Today, thanks to Google’s Panda, Penguin, and Hummingbird updates, and the increased sophistication of other search engines like Bing, quality content has far greater value in determining search results. While your CCO still has to understand the basics of meta descriptions, headlines, and subheads, the real key to SEO is producing the kind of quality content search engines now reward.

An engaging personality. While this may sound a bit funny, your CCO will have an important role in your company and will be someone you interact with on almost a daily basis.

Because of their communications skills, CCOs are often called upon to act as company spokespeople, speakers and panelists and often represent the company at networking events.

When looking for a company ambassador and evangelist, you want someone with great confidence, people skills, and presentation skills.

A leader and team builder. If your CCO does his or her job right, your business will grow and your content-marketing team will expand. You want a CCO with the ability to mentor, train, and build a great team. Look for someone who has done this before and done it with great success.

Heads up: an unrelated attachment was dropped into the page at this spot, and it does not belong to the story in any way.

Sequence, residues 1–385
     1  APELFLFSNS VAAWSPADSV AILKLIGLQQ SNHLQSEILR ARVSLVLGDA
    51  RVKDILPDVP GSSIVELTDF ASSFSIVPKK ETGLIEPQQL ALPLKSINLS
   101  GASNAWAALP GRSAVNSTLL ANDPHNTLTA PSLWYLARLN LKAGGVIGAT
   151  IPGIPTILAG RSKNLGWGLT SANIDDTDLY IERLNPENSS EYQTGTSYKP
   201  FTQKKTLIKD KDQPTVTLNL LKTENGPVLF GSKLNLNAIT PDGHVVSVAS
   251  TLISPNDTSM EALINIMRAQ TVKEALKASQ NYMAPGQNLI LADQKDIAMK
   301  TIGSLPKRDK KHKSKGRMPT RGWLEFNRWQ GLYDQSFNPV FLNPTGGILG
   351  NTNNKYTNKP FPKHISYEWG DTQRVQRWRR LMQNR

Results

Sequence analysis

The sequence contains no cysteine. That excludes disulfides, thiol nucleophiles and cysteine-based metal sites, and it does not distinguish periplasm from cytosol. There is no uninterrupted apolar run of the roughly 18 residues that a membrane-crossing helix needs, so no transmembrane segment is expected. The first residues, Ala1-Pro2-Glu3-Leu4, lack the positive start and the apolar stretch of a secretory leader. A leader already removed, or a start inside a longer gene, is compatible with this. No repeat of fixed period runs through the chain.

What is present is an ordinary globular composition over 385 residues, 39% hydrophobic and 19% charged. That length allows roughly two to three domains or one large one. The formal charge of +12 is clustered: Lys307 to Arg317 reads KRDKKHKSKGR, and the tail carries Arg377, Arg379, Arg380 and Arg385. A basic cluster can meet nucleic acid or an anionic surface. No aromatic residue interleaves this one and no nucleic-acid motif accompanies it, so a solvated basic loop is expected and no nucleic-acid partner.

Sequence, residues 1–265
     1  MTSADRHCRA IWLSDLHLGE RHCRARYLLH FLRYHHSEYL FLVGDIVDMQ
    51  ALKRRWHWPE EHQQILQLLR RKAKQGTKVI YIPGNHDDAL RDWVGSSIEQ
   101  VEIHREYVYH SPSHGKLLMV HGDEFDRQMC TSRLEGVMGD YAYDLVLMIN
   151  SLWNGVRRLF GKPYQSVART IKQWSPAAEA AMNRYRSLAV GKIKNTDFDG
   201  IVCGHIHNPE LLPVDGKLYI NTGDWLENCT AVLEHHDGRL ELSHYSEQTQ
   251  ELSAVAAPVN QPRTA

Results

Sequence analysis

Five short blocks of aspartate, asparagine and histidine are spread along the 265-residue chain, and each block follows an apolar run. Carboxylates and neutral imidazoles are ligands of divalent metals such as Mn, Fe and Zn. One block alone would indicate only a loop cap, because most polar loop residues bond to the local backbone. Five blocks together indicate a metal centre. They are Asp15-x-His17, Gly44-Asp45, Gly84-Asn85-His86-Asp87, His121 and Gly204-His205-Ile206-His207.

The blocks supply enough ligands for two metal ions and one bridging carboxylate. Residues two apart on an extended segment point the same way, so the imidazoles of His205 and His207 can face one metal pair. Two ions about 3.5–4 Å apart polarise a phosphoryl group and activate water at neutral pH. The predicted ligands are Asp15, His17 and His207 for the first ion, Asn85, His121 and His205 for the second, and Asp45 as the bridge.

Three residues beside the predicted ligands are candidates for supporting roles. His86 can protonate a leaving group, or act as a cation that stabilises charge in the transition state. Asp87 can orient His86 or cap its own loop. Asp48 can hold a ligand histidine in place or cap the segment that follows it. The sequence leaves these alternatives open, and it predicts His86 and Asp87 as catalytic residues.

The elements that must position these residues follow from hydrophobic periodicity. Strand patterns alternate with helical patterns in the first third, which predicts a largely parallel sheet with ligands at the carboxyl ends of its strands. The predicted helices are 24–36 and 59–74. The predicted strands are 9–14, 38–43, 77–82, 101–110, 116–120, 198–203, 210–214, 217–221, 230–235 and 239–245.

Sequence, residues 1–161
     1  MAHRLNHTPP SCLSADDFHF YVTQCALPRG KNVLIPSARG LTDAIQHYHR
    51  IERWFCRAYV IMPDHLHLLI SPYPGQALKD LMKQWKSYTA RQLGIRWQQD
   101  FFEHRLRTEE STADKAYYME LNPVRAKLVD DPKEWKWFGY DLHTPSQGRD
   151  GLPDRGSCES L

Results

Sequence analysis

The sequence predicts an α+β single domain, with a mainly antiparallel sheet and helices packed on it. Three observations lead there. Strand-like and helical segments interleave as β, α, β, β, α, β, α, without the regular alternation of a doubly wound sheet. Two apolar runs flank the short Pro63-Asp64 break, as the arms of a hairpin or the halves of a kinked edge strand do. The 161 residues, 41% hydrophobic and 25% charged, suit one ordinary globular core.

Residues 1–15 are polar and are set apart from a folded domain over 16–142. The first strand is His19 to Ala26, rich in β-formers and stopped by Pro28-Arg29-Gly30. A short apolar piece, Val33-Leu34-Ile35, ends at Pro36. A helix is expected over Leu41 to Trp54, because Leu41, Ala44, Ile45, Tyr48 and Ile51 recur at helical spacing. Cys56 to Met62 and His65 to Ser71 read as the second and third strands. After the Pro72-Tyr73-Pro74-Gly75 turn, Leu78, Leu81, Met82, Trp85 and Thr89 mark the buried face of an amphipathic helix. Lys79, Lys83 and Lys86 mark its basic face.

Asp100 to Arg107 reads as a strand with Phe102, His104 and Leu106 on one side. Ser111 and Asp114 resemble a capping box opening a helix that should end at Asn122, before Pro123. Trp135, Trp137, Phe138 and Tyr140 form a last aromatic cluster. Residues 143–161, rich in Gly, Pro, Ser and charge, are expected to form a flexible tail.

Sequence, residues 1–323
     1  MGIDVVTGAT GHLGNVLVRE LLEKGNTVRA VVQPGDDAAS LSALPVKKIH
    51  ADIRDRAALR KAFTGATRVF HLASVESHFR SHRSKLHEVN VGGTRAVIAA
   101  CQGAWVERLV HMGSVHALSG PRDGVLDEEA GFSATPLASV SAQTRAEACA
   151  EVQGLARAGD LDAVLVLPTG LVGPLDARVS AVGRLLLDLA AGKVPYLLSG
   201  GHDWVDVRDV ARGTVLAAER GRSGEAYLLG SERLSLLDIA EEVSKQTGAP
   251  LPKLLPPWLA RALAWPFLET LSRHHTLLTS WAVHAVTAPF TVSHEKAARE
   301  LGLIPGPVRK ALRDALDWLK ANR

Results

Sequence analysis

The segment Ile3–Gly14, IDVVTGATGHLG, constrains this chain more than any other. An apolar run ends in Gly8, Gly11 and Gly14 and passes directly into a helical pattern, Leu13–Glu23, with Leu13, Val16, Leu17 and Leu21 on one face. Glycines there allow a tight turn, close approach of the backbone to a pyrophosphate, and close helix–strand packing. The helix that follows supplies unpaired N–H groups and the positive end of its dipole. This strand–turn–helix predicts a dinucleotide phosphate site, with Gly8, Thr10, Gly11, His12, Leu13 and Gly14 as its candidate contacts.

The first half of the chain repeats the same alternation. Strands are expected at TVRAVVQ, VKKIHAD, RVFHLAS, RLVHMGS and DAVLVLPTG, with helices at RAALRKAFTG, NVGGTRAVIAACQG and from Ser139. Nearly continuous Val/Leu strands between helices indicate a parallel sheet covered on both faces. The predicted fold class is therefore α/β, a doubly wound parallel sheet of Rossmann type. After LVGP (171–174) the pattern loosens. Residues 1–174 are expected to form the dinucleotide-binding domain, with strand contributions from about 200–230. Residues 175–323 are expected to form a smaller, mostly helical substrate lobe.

If it sounds like this person would be awfully hard to find, you're right. The fact is, you are not going to find someone will all of these skills and experiences. But if your CCO isn't a born storyteller, then that person is going to fail.

You can always bring in outside people to help with things like design, public relations and SEO, but your CCO must know how to create and disseminate the kinds of stories that will help drive business.

Here's to great storytelling—including your own success story!

Jon Gelberg is the chief content strategist at Ceros where he is involved in all aspects of communications and public relations. Gelberg has written extensively on issues relating to content marketing and public relations. His articles have appeared on Inc.com, Time.com, and in other digital and traditional media outlets.